As at pH 7.0, the agar disc-diffusion assay showed that in the acidic medium (pH 5.0), at 15 °C and 25 °C, Cd-based QDs (4 nm) did not exert any growth inhibition effect on any of the 26 isolated gut bacteria. These results were confirmed by counting bacterial colonies after 9 h of exposure with Cd-based QDs in a liquid medium. The Cd-based QDs at a concentration of 4 nm had no significant effects on the viability of the tested bacteria. On the other hand, the selected strains of bacteria did reveal different interaction patterns with CdSe/ZnS-COOH QDs after incubation for 9 h in natural light. The PL intensities of QDs were found to be higher in the samples with Gram-positive bacteria. Interestingly, the strains which showed the higher sensitivity towards Cd ions also revealed a relatively more intense signal of QDs PL when transferred into a fresh medium after centrifugation, this implying a stronger interaction between NPs and bacterial cells. In contrast, the biggest increase in PL intensity of QDs was detected in the supernatant in the case of the most resistant strain Microbacterium sp. ST5. This increase of intensity in supernatant could be explained by a lack of interactions between the NPs and bacteria exterior. The comparison between the autofluorescence spectra of the different bacterial strains registered in the control suspensions also revealed certain differences in metabolic activity. Thus, the detected fluorescence bands in the case of the most sensitive strain of Gram-positive bacteria indicated the presence of endogenous metal-free porphyrins. The spectral bands of the most resistant strain revealed a notable intensity of metalloporphyrins, the enhanced production of which and subsequent release might serve as protective means to avoid potential oxidative damage.

There is considerable debate about the effects of cadmium on microbial growth. Cd-based QDs can be ingested by aquatic organisms and released Cd ions may effect endogenous microbial communities. Since comprehensive knowledge and data regarding the toxicity of Cd-based QDs on fish gut microbiota still limited, it was important also to evaluate the effect of Cd on the isolated gut bacteria. As it has been reported, Cd present in food can cause health risks even at low doses, for instance, it could cause disruption of mice gut microbiota (Liu et al., 2014, 2020). It was found that HMs exposure alters the composition and metabolic profile of the gut microbiota at the functional level and, in turn, the gut microbiota alters the uptake and metabolism of metals (Duan et al., 2020; Zhang et al., 2020; Zhai et al., 2017). A study performed using Nile tilapia (Oreochromis niloticus) exposed over 4 weeks to water contaminated with 1 mg/L of Cd emphasized a deep change in gut microbial communities (Zhai et al., 2017). Other studies have demonstrated that concentrations (2; 5 and 10 mg/L) of Cd2+ at 72 h exposure could alter the richness, diversity and composition of microbiota in the intestine of crayfish Procambarus clarkii. Shewanella species were elevated in Cd-treated groups compared with a control. By contrast, Buttiauxella sp. showed significantly lower abundances after exposure to Cd2+ (Zhang et al., 2020). As other authors point out, Gram-positive bacteria can be more susceptible to toxicity posed by HMs and NPs than Gram-negative bacteria because they lack an outer cell membrane with lipopolysaccharide (LPS) chains that play a protective role (Fazeli, Hassanzade & Alae, 2011; Feng et al., 2015; Pramanik et al., 2018).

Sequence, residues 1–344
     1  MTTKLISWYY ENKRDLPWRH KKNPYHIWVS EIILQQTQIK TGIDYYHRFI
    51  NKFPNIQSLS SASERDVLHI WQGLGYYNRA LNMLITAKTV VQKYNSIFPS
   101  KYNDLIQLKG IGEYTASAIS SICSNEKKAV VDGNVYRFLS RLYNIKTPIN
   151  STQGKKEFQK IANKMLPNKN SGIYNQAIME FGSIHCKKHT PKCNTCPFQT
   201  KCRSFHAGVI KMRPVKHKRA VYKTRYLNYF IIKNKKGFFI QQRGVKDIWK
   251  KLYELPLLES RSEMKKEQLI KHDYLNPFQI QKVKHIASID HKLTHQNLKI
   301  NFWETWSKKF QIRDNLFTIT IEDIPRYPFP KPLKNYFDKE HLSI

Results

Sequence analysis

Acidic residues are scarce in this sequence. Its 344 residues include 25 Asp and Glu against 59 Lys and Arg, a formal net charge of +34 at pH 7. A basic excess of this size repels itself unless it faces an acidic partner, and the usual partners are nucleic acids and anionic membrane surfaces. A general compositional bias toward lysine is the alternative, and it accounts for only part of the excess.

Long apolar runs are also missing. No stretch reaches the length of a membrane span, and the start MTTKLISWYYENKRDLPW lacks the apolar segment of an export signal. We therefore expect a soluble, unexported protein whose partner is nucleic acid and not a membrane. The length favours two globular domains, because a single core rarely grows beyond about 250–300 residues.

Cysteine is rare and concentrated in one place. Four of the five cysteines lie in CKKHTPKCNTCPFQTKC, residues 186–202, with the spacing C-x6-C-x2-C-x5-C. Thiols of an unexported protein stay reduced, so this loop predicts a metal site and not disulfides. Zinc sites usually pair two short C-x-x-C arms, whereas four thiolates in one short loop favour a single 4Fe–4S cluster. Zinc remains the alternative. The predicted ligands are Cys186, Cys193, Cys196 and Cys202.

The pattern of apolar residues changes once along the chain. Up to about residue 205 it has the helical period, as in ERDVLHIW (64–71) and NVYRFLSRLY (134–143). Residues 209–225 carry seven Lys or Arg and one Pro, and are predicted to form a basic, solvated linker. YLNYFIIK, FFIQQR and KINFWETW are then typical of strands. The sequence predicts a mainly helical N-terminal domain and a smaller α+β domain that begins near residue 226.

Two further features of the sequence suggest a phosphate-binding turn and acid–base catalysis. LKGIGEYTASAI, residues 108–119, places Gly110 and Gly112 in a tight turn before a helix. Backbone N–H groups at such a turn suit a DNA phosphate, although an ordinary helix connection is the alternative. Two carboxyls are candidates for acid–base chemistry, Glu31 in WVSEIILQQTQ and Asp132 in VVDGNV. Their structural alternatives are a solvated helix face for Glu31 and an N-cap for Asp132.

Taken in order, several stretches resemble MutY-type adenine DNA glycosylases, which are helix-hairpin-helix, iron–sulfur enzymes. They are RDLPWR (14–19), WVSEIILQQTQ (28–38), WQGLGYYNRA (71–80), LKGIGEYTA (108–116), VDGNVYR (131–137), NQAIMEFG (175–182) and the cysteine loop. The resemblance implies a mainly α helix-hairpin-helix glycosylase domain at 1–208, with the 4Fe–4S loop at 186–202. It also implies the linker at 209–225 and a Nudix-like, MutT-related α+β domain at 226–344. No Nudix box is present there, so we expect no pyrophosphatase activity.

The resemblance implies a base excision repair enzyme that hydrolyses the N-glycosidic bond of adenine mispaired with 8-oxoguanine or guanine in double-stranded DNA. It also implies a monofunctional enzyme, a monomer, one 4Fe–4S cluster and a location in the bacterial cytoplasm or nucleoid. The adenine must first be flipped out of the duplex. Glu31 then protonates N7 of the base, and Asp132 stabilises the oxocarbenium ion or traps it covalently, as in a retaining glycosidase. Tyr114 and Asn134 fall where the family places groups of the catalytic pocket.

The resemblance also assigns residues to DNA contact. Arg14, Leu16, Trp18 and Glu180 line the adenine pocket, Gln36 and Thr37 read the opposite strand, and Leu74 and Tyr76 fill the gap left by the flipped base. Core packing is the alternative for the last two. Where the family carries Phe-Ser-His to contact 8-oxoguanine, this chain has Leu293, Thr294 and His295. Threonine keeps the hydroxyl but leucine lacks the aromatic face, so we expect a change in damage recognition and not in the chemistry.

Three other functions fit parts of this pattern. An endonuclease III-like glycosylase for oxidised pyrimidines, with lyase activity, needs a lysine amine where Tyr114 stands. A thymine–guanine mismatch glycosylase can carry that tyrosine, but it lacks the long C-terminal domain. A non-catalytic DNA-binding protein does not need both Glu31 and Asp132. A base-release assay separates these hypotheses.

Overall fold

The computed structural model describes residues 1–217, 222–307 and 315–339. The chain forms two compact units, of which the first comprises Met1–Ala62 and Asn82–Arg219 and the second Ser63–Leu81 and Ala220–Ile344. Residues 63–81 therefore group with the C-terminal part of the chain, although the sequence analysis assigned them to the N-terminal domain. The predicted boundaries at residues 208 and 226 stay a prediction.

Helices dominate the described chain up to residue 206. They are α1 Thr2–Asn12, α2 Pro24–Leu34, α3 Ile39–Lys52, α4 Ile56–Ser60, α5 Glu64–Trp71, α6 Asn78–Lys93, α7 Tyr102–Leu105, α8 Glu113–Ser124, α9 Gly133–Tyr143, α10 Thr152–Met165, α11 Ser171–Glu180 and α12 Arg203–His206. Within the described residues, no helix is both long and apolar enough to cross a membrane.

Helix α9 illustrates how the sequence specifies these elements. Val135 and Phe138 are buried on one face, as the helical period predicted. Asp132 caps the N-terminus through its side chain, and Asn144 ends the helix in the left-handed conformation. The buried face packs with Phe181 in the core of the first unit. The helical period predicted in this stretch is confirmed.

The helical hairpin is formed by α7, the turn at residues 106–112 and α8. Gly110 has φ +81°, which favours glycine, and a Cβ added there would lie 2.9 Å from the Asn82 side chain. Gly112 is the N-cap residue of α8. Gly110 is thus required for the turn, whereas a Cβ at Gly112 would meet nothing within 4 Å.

Our study revealed the antibacterial effect of Cd2+ on isolated gut bacteria from wild Salmo trutta fry. Gram-positive bacteria Listeria sp. ST19 and C. maltaromaticum ST17 were found to be the most sensitive to Cd2+. By contrast, the Gram-positive Microbacterium sp. ST5 exhibited the greatest resistance to Cd ions of all tested bacteria. This may be related to the extrusion mechanism that enables Gram-positive bacteria to pump Cd ions out (Bhakta et al., 2012). Efflux pumps are the most prevalent bacterial tools conferring HMs resistance (Bazzi et al., 2020). For most isolates, the MIC of Cd ions was independent of temperature, but some bacterial strains were more sensitive at lower temperatures. This can be explained by the fact that the gut bacteria were isolated from the wild S. trutta and salmonids are a cold-water fish species (Elliot, 1991; Guillemette et al., 2011). Thus, some of gut bacteria of salmonids are more adapted to lower temperatures, resulting in a faster response to Cd ions at lower temperatures. The susceptibility of gut bacteria to Cd ions was also assessed by the size of the zones of inhibition. The size of the inhibition zone mostly differed according to the type of bacteria, to the concentrations of Cd ions and to temperature. With potential consequences for host population responses to climate change, temperature variation shapes the composition and function of animal gut microbiomes, key regulators of host physiology. Although gut microbiota is characterized by plasticity to responses to temperature due to the existence of conserved mechanisms, extreme temperatures can disrupt the stability of diversity within the gut microbiota (Sepulveda & Moeller, 2020).